As a culture pushing to make breastfeeding the new norm, we love posting, pinning, blogging, tweeting, and talking about all the awesome benefits of breastfeeding for baby. What is often forgotten (or maybe just not as well known) is that there are so many benefits for the mamas too!
This is a HUGE oversight because I think it’s encouraging if we hear these things too. Although I know most mamas are not selfish, it can feel draining to always hear about why we should make all these sacrifices for someone else. Someone who is struggling to breastfeed on top of everything else she is doing for her family may find renewed strength in know that this process can give her so much too.
This is not a complete list. There are literally dozens of benefits for mamas. But, I know ya’ll are busy so I’ll keep it short, or better yet, make it a two-part post. Anyway, here are my favorite ten benefits for mamas who breastfeed!:
- It Protects You From Hemorrhaging: Assuming you’ve had a vaginal delivery, you’re going to bleed down there after the birth. When your baby takes the breast (which can happen almost immediately after birth, especially if you go the natural route), oxytocin is released in your brain, which causes your uterus to continue contracting. Every time it contracts, it slows the postpartum bleeding. Mamas who formula feed are at greater risk of hemorrhaging after delivery. Additionally, their bellies stay larger for longer (that’s technically two benefits!).
- It Can Give You a Feeling of Euphoria: The hormones released during breastfeeding are designed to make you feel good. Blissful, even. They’re even powerful enough to help with postpartum pain. Many women report feeling a wonderful, all-natural high while breastfeeding.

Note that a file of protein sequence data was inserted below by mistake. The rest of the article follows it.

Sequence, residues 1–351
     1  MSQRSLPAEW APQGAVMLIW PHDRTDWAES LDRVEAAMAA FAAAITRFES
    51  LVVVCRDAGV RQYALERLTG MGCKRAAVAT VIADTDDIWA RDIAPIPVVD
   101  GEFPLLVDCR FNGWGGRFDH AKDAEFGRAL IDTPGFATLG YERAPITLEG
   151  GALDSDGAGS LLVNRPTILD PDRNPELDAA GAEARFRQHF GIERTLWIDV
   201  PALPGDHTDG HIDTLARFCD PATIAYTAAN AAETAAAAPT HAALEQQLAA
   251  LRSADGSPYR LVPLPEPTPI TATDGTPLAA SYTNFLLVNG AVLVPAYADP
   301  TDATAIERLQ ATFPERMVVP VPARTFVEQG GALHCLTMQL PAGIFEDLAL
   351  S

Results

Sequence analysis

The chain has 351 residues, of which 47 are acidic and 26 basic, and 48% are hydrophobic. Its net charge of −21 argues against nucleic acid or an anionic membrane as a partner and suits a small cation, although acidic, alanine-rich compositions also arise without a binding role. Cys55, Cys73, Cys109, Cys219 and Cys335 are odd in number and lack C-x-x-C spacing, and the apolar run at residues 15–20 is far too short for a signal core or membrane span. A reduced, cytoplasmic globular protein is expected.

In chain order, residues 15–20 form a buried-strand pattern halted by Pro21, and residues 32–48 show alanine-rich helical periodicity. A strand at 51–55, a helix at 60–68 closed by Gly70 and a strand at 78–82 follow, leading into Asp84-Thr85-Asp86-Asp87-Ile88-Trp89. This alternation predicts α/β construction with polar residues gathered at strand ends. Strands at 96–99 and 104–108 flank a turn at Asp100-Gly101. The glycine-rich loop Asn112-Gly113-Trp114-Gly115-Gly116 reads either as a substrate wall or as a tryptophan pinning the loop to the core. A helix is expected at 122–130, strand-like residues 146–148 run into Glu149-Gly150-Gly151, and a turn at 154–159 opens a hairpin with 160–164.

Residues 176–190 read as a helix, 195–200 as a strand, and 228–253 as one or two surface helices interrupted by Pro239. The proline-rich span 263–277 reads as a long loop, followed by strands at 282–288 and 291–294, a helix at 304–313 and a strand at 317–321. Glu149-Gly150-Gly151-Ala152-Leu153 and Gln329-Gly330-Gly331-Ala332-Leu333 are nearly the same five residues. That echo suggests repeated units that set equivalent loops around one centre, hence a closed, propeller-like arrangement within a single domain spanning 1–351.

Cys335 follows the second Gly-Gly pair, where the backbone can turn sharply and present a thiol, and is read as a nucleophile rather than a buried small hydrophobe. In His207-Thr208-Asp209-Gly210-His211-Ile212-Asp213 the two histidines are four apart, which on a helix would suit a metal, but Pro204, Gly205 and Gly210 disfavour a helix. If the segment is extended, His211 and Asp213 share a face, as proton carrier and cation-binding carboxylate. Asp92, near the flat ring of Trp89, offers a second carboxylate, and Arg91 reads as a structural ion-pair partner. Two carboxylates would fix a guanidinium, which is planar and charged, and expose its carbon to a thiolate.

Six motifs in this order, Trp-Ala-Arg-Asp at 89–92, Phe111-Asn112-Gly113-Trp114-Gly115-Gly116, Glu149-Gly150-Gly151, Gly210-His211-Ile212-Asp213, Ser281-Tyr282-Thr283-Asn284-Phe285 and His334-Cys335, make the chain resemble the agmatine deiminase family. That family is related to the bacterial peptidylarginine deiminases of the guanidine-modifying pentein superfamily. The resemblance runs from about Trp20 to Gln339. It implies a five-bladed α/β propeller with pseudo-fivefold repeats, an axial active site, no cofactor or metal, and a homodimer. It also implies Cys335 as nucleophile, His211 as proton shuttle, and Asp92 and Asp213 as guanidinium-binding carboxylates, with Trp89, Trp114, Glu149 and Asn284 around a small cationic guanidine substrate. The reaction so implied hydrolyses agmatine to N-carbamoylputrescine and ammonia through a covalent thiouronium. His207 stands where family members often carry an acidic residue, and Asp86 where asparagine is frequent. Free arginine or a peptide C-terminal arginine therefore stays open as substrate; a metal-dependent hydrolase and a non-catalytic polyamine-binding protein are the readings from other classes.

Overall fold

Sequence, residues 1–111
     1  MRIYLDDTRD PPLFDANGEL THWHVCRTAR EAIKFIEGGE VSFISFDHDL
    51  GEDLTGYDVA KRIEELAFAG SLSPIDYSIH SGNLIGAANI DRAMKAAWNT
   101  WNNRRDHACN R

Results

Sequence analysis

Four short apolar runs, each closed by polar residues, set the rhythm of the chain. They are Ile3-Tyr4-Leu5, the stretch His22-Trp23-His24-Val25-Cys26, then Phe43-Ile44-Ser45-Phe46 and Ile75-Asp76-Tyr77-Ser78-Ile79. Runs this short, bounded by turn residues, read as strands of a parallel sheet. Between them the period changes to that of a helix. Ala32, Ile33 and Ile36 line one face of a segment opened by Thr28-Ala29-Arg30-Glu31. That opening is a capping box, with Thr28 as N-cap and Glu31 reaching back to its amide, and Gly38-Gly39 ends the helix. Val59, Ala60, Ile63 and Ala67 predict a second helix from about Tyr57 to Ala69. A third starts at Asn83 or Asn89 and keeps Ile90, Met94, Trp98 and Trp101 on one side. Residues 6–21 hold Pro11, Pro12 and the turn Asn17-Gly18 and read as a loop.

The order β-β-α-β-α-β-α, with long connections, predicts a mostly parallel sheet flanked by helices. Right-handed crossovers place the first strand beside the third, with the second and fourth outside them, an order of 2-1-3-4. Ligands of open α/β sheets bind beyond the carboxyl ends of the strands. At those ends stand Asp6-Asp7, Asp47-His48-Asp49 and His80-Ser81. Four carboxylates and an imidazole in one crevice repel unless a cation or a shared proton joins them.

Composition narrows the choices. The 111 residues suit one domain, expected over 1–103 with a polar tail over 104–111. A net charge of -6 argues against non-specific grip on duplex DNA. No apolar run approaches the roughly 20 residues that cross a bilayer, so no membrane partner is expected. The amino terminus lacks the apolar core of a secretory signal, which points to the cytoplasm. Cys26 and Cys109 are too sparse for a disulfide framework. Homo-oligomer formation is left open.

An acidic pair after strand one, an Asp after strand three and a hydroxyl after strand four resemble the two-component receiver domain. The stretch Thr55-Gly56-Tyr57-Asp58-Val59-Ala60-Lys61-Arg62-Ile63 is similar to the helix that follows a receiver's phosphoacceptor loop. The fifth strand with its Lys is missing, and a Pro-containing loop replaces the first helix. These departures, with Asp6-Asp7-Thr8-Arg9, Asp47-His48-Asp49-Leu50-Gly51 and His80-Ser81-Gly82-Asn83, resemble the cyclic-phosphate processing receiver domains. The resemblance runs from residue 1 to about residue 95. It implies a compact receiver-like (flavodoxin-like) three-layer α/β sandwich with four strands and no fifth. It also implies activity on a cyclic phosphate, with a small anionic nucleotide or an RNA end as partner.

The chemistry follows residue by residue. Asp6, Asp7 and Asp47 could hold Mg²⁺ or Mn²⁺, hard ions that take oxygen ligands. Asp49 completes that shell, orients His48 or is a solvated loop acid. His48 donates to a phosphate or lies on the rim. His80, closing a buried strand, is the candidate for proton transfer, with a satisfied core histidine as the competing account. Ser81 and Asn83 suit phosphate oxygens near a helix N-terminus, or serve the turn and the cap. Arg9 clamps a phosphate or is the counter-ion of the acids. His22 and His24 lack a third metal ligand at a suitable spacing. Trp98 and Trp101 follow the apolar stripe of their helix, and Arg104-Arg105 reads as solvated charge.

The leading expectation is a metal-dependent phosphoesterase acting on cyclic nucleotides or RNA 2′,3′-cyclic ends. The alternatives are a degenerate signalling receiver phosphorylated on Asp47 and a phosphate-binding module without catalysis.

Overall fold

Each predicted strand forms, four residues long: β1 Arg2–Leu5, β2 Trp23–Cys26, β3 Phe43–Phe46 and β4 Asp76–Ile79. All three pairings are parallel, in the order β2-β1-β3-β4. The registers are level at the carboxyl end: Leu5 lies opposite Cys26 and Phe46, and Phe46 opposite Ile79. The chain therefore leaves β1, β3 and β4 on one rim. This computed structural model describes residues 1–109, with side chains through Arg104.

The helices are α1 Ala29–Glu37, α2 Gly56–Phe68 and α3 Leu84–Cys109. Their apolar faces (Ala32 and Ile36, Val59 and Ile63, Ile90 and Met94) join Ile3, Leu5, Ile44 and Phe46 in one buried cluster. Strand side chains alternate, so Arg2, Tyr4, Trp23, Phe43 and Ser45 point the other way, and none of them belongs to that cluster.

- It Helps You Bond With Baby: Oxytocin is a wonder-neuropeptide. Not only does it contribute to your blissed-out state, but it’s imperative for helping you bond with your little one. That’s one of it’s biggest evolutionary purposes. When your baby latches, your brain releases lots of oxytocin, making you feel in love with your tiny human all over again.
- It Can Help Prevent Postpartum Depression: For the reasons mentioned in numbers 2 and 3, as well as several others found in prevailing research, women who breastfeed greatly reduce their vulnerability to postpartum depression.
- Your Period Doesn’t Come Back Right Away: Women who breastfeed exclusively – no water, solids, or formula – tend to not get their periods back for at least six months after the birth. TMI Alert: My daughter is almost ten months old and mine still has not returned and I was fairly regular before the pregnancy. This also significantly decreases your chances of getting pregnant right after the birth. When your baby is breastfeeding, it’s basically telling your body that it’s already busy caring for a child and therefore are not ready to create another yet. Birth control is usually recommended anyway as a safeguard because you CAN get pregnant before your first period comes back, but the likelihood is significantly less.